Argentine Vice President Amado Boudou has come under scrutiny from judicial officials for allegations of influence peddling and money laundering over the past year, but so far managed to stave off his critics and hold on to his office. Yesterday however, a federal prosecutor asked a judge to open an investigation into illegal enrichment accusations against Boudou, triggering renewed calls for his resignation.
As the Associated Press reports, prosecutors have named as his accomplices Boudou's girlfriend Agustina Kampfer, his friend and business partner Jose Maria Nunez Carmona, and another businessman, Alejandro Vandenbroele, who reportedly served as a proxy for the vice president in a series of shady business deals. Although Boudou denies any connection to Vandenbroele, previous investigations have revealed phone records linking the two, suggesting a potential cover-up.
Boudou, for his part, claims that he is the victim of a character attack by a media “mafia,” led by opposition newspaper Clarin, and has had pressured court officials to replace the main prosecutors in the influence peddling case.
When President Cristina Fernandez de Kirchner chose Boudou as her running mate ahead of last October’s elections, his popularity amongst Argentine youth (the AP referred to him as a “hoodie-wearing, Harley-riding rock ‘n roll guitarist”) was seen by many as a sign that he could be a potential heir to the president once her second term ends in 2015. Considering the blowback from this scandal, however, she will likely distance herself from him, perhaps courting Argentine youth instead by moving closer to popular economist Axel Kicillof, a rising star in her administration.
· Last Thursday a federal judge ruled against the National Security Archive’s attempts to declassify the fifth and last volume in a CIA history of the Bay of Pigs invasion, reports the Miami Herald. The court found that, because the volume was allegedly a draft and had not been approved by official CIA historians, it was exempt from declassification. The National Security Archive calls this ruling "a regrettable blow to the right-to-know" and has vowed to pressure the Obama administration to back up its stated commitment to transparency by releasing the documents.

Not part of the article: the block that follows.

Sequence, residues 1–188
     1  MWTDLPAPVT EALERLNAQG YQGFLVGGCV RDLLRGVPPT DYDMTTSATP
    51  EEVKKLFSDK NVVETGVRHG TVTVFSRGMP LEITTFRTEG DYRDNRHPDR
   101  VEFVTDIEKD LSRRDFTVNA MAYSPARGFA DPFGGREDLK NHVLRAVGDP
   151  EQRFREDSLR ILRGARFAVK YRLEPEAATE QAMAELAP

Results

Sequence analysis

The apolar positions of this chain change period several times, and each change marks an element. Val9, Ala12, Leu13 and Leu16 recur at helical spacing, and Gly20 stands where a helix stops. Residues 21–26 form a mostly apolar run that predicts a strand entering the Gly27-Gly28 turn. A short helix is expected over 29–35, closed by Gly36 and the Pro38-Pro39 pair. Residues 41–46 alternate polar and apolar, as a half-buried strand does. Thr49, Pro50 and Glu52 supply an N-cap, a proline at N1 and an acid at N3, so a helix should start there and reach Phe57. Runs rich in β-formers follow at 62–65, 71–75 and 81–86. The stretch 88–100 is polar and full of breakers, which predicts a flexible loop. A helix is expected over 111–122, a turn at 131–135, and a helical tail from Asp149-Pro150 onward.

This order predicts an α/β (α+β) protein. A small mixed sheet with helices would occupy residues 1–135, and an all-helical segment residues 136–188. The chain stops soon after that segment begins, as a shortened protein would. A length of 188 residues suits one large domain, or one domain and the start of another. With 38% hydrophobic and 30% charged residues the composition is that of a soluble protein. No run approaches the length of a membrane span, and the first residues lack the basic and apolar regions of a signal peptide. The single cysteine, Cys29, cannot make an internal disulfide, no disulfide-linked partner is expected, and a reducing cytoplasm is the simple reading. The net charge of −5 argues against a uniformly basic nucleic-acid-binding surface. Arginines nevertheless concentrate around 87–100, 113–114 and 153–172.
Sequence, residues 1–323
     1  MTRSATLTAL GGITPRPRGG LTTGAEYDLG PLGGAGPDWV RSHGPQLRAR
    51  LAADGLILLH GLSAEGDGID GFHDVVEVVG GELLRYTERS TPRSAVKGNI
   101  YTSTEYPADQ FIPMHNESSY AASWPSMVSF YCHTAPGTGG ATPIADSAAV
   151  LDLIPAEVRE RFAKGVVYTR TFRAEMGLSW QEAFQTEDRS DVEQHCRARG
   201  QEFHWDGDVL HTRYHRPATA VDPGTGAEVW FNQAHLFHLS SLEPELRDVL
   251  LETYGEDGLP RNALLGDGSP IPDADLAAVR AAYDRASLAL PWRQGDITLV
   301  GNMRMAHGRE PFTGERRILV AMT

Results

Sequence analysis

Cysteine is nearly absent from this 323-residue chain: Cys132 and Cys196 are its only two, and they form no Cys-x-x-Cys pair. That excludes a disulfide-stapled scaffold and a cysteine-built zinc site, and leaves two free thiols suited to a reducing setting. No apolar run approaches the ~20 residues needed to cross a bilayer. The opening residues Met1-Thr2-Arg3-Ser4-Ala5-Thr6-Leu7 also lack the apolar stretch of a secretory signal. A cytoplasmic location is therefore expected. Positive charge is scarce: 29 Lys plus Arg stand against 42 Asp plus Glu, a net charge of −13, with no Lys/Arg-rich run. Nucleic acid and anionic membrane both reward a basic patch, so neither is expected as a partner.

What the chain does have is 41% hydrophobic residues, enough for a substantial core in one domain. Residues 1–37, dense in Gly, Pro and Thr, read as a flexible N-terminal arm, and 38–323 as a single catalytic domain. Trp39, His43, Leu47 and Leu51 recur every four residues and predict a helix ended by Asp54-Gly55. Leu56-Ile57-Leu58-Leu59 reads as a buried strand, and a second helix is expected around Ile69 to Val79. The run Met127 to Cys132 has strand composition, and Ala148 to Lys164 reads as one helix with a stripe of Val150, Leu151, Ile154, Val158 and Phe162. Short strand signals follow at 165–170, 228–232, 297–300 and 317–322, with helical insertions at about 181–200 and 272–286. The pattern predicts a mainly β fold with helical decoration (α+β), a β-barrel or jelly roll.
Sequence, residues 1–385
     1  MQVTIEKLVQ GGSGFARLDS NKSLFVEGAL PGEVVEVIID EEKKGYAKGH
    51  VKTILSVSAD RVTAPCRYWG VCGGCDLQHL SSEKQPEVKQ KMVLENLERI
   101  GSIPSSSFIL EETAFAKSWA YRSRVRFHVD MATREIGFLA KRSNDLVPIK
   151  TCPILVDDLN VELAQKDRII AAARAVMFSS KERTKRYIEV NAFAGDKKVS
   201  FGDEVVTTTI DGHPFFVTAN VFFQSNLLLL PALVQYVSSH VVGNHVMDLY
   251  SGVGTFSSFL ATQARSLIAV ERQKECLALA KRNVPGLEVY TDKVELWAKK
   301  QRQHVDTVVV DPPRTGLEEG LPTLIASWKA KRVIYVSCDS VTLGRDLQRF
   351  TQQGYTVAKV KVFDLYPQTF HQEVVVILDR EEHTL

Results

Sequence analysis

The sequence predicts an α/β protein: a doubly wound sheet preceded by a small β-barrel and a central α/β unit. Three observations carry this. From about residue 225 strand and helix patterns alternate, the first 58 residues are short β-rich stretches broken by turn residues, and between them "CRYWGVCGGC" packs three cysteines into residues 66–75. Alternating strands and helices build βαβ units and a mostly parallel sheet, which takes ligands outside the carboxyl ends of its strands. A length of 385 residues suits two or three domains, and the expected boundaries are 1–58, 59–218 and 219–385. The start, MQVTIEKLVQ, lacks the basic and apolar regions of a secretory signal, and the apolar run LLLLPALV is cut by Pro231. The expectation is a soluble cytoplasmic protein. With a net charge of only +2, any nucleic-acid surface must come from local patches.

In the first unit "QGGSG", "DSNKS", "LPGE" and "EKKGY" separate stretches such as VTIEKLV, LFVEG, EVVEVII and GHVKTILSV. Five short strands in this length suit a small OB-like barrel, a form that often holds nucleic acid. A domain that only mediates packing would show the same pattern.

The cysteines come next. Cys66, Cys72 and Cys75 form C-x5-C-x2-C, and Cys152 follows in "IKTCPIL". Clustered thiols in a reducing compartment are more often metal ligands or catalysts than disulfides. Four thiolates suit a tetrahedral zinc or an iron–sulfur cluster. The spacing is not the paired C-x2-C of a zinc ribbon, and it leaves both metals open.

· Yet another journalist has been killed in Mexico. El Universal reports that police have found the dead body of Rene Orta Salgado, who was missing since Saturday, in the trunk of his car in the central state of Cuernavaca, the capital of Morelos. Spanish news agency EFE claims that the country’s national human rights commission has received a total of 580 complaints of violence against journalists since 2005.
· Meanwhile, in southern Mexico, a Catholic priest who runs a shelter for migrants and has spoken out against abuse and kidnapping has gone into hiding after receiving death threats. According to El Universal, he has left the country.
· A new poll conducted by the Dallas Morning News’s Spanish language partner Al Dia and El Universal suggests that concerns about insecurity in Mexico have taken a toll on the country’s traditional wariness towards US intervention. More than half of Mexicans –52 percent– said they favored an expanded US role in fighting crime in their country. 28 percent even called for deploying US troops in Mexican soil.
· Prensa Libre and AP report that Guatemalan officials claim that the United States government is refusing to return a toddler adopted in 2008 to her biological parents in the Central American country. The latter claim that their daughter was abducted in 2006, and because this was before an international treaty on abduction came into effect in January 2008, the US argues it is not bound to return the girl. The child left the country in December 2008, however, casting doubt on these claims.
· The Brazilian Real has fallen to its lowest point relative to the US dollar in nearly three years, dropping to 1.99 reais to the dollar. The Brazilian Finance Minister has said this will be a boost to Brazilian manufacturers and exporters.
· The Venezuelan foreign minister has demanded the return of fugitive ex-Supreme Court judge Eladio Aponte, saying that the US is legally mandated to hand him over. In the past month that he has been in the United States, Aponte has made accusations of widespread corruption in Venezuela.
· Seven members of the FARC have turned themselves in along the Colombia-Ecuador border. According to El Pais, the men handed over 1.2 tons of explosives to military officials.
· The Miami Herald looks at the US-Colombia FTA, which officially went into effect today at 1 a.m.
· Honduras Culture and Politics with a critical look at recent attempts to promote “charter cities” in Honduras. The blog argues that these efforts amount to attacks on Honduran sovereignty, laden with overtones of cultural imperialism.
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